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What Are Parent Coordinators in Child Custody Cases?

Often times custody battles become filled with hostile emotions that if unchecked can destroy families for the long-term. Ironically, much of this hostility is centered not around major decisions or grand events but instead tend to be fueled by the more mundane day to day decision making processes that are to govern the life of the child in question.

To put it plainly, embattled parents are much more likely to fight over agreements of where child exchanges should take place or when it is acceptable to deviate from the agreed upon drop-off schedule than they are to argue over the life-shaping issues of health care and education.

The unfortunate truth is that in most cases there is no arrangement that can be made that will completely satisfy both parents in these matters. But in the State of New York and Long Island specifically, introducing a parenting coordinator to the equation can prove quite beneficial at facilitating amiable custody agreements among parents.

What Are Parent Coordinators

A parent coordinator is a child-focused professional that provide guidance to parents, usually involved in joint custody decisions, that may struggle with joint decision-making in regards to the child. These professionals are highly-trained at dispute resolution tactics that encourage parents to maintain focus on the child’s best interest when making decisions. The continuous highlighting of the child’s best interest as the primary focus is often sufficient to diffuse friction between the parents.

Parent coordinators do not designate which parent is to be the primary caregiver but instead typically become involved following this decision being made by a judge. The bulk of a parent coordinator’s duties involve providing the needed support for parents to come together on issues that seemingly fall between the cracks of the orders issued by the judge.

The specific functions of parent coordinators are many. A primary goal for parent coordinators is to support improved communication between the parents when discussing parenting issues. Poor communication is often a central theme of marriages that have ended in divorce and often spills over into post-divorce relationships. Effective co-parenting absent of effective communication is not an attainable goal.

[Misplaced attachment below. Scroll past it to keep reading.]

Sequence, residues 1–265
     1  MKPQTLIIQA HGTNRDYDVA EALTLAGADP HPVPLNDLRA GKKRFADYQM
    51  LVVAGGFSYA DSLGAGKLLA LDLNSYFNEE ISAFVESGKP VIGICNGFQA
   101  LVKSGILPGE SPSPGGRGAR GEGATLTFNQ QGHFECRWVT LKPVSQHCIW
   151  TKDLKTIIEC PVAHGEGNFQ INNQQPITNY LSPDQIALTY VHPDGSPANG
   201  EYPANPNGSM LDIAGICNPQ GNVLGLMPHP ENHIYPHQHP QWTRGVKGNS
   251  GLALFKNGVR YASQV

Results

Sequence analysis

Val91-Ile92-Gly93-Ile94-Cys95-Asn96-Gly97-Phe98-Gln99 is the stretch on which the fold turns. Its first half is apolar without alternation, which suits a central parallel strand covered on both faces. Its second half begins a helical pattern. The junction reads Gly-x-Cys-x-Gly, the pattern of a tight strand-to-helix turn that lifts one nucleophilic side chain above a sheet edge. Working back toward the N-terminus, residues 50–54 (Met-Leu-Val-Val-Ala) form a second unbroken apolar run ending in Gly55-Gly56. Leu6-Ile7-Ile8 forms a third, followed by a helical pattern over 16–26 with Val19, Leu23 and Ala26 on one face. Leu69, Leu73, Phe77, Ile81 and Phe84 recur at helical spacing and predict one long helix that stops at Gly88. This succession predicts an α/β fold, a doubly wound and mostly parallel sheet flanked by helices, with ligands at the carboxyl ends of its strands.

Parent coordinators also counsel parents regarding any developmental issues that may become manifest in children while themselves enduring the divorce process. Parent coordinators also provide a buffer between ‘warring’ parents when frustration mounts due to conflict and works with parents until a mutual agreement can be attained. When no agreement can be reached by parents it will sometimes be necessary for the parent coordinator to themselves make the decision.

When Is A Parent Coordinator Needed?

The State Of New York makes parent coordinators available if wanted to parents when a case is determined to be a ‘high-conflict’ case.

While understandable to note that heightened levels of conflict is present with all custody cases, the cases that are designated to be high-conflict are those determined to involve continued patterns of:

• Excess or frivolous litigation
• Verbally abusive behavior
• Heightened anger or distrust
• Threatening words or behavior
• Physically aggressive behavior
• Inability to communicate
• Any other conditions a judge may deem ‘high-conflict.’

As already noted it is not unusual for some conflict to accompany custody issues and this can cause difficulties with cooperation between parents. It is also not uncommon for some measurable degree of anger and distrust to exist. The differentiation made in cases that are deemed to be high conflict cases in custody matters is the documentation of an ongoing pattern of problems and behaviors that suggest the need for professional mediation.

Duties Of Parent coordinators

The parenting coordinator provides remedies for problematic issues by negotiating agreements between the parents in a way that does not give chance for conflicts to escalate. This process will ideally enable both parents to play a healthy role in fostering agreements that both agree to be fair while maintaining a focus on the child’s best interest.

Parent coordinators are given a substantial amount of power to facilitate their own job performance but make attempts to allow final decisions to be made in joint by parents. When this objective cannot be achieved parent coordinators my themselves become responsible for:

• Recommending or establishing changes to custody or orders of visitation as deemed to be in the best interest of the child.
• Immediately notify authorities of any abuse to the child.
• Make determinations as to when the family and friends of the non-custodial parents are to have access to the child.
• Mediate conflicts between the parents involved in the case and when necessary make binding decisions for the parents regarding things like choosing schools or churches to attend.
• Decide what topics can be discussed with or in the presence of children.
• Determine where parents are allowed to take children and what activities are allowed during visitation.

In all circumstance, both parents are afforded the right to be heard during the decision making process.